Both men will start the season at Craven Cottage, despite a host of fevered speculation linking Robinson with a move away. Manchester City and Wolves were rumoured to be prepared £10m offers by the tabloids and Bordeaux fancied taking him on loan. No bids have materialised for the ex-Everton trainee, who you still feel has plenty of possible improvement in him. Silva likes adventurous full-backs to get forward and provide an extra attacking outlet. He’d have the perfect player if he could blend Bryan’s crossing ability with Robinson’s blistering pace, but it will be very interesting to see who Fulham’s new head coach starts the season with.

Getting the best from Aleksandar Mitrovic

However tough a time he had last season, Aleksandar Mitrovic remains Fulham’s best route back to the Premier League. The Serbian striker is a proven goalscorer in the Championship – as he proven across a couple of stellar seasons at Craven Cottage – and will give any central defensive pairing a serious run for their money. It remains baffling that Mitrovic made only thirteen league starts under Scott Parker last year and you could hardly blame our talisman for considering pastures new had the now Bournemouth manager still been in place this summer.

Perhaps the biggest boost from Marco Silva’s first press conference at Motspur Park was just how warmly he spoke about Mitrovic’s qualities and importance to the side. It isn’t rocket science after his 26-goal return in Fulham’s last promotion, but a different type of man management is needed when dealing with a character like our number nine. Mitrovic needs a head coach who believes in him, puts an arm around his shoulder and makes him the focal point of the attack. He thrived under compatriot Slavisa Jokanovic at Craven Cottage because his belief was rebuilt after being frozen out at St. James’ Park – and the hope is that Silva can coax that sort of unplayable form from him again.

I wonder if the return of supporters to grounds this season will actually provide the biggest boost for Mitrovic, who relishes the battle on the field, and clearly gets a lift from the roar of the crowd. He wants to be loved – and you could see from the way he abandoned a television interview to run to the Fulham faithful when ‘Mitro’s on fire’ started playing after the play-off final at Wembley that he enjoys a special relationship with the fanbase. He thrives from the backing of the crowd – and even an extra ten per cent could be crucial as we contemplate the chaos of another Championship season.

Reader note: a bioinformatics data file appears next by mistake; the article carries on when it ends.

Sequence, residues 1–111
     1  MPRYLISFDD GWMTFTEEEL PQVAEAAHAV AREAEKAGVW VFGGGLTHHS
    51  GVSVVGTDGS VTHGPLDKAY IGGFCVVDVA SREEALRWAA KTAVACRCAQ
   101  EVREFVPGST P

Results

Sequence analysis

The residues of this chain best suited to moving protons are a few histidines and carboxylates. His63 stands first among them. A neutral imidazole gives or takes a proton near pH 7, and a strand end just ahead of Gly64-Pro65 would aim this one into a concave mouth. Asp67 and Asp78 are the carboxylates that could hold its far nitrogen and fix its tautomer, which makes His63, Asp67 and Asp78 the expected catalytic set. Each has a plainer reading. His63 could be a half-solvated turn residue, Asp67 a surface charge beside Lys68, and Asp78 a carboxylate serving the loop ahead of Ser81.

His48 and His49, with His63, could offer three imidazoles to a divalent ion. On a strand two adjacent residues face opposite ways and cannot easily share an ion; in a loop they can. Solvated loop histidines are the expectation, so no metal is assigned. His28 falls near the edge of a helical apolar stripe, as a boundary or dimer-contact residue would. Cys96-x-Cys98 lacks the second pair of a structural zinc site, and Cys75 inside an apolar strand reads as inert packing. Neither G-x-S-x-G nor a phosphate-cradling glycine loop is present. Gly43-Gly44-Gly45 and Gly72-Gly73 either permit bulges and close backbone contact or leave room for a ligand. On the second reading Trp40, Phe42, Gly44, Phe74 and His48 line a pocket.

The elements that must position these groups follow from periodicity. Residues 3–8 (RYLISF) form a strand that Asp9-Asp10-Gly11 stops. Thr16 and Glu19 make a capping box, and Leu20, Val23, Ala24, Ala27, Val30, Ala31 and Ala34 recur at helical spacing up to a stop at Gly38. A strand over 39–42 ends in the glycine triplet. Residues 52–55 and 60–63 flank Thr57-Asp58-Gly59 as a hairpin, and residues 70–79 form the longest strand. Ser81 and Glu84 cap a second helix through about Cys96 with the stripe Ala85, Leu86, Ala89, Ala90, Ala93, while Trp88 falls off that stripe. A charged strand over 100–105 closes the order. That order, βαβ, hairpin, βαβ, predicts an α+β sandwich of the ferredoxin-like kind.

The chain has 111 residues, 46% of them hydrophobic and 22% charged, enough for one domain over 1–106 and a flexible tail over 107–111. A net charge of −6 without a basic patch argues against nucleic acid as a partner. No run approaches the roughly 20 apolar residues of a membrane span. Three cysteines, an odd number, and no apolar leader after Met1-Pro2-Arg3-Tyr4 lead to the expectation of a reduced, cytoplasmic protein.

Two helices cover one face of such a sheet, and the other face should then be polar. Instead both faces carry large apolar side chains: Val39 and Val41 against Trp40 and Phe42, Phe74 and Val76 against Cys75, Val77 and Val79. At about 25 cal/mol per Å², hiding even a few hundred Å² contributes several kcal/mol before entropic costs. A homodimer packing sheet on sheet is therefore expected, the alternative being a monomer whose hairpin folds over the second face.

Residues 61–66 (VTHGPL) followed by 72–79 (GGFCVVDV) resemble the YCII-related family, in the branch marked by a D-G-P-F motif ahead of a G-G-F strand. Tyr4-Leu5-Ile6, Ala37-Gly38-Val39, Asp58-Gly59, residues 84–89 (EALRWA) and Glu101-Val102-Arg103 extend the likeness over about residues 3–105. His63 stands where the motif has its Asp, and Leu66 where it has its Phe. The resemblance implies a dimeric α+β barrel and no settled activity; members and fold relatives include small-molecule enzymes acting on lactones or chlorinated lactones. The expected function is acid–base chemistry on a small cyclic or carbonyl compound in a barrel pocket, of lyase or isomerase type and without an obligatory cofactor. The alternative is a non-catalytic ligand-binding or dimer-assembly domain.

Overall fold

It isn’t difficult to imagine how Silva will seek to deploy Mitrovic after the Portuguese head coach used Troy Deeney and Cenk Tosun as target men in his time at Watford and Everton respectively. The Serbian striker, so strong in the air and a force to be reckoned with in the box, never got the sort of service that he thrives upon during the Parker era – which makes his goal return in the promotion season all the more remarkable. His most regular source of a dangerous cross was from Joe Bryan in 2020 and that partnership might prove productive again this term.

Mitrovic might not be blessed with the sort of pace that allows the modern striker to beat a backline that has pushed high up the field, but his hold-up play is second to none. He might not have been at his dominant best against Charlton in Fulham’s final pre-season friendly yesterday, but that is no surprise given he has only had two weeks of training at Motspur Park. There were still a couple of deft touches to set up chances for others and it is interesting to see him absolutely breaking his neck to try and join Fabio Carvalho in the box as the goalscorer latched onto Tyrese Francois’ brilliant through ball. The hunger is definitely there.

There’s no doubt that utilising Mitrovic as the focal point of the Fulham attack is the best way to guarantee goals. Mitrovic might well benefit from early cross from the likes of Harry Wilson, Bryan, Ivan Cavaleiro or Knockaert but he is also a hulking presence that needs to be monitored by opposition defences. He can suck several defenders towards him, creating space for others around and inside the box, and his reading of the game is often unremarked upon.

Mitrovic will benefit more than most from the fresh start at the Cottage. It was clear that there was disconnect between our talisman and Fulham’s previous manager last term, but Silva has left nobody in any doubt as to just how highly he rates the former Newcastle forward. He won’t need reminding that Serbia have profited from Mitrovic being at the heart of almost every attack and, once he has blown off the cobwebs following his summer honeymoon, the Championship will be terrified. I’m certain we’ll be hearing Gala hit over and over again this season.

Have Fulham found depth in defence?

On the eve of the new season, Marco Silva is carefully evaluating the squad he has been bequeathed down at Motspur Park. He has spoken this afternoon of his desire to strengthen his squad further still in advance of the opening fixture against Middlesbrough on Sunday, but there still plenty of imponderables as we try to second guess the Portuguese head coach’s preferred starting eleven. With so much of pre-season held behind closed doors, the fans are still in the dark as to Silva’s top pairings throughout the side – especially at centre back.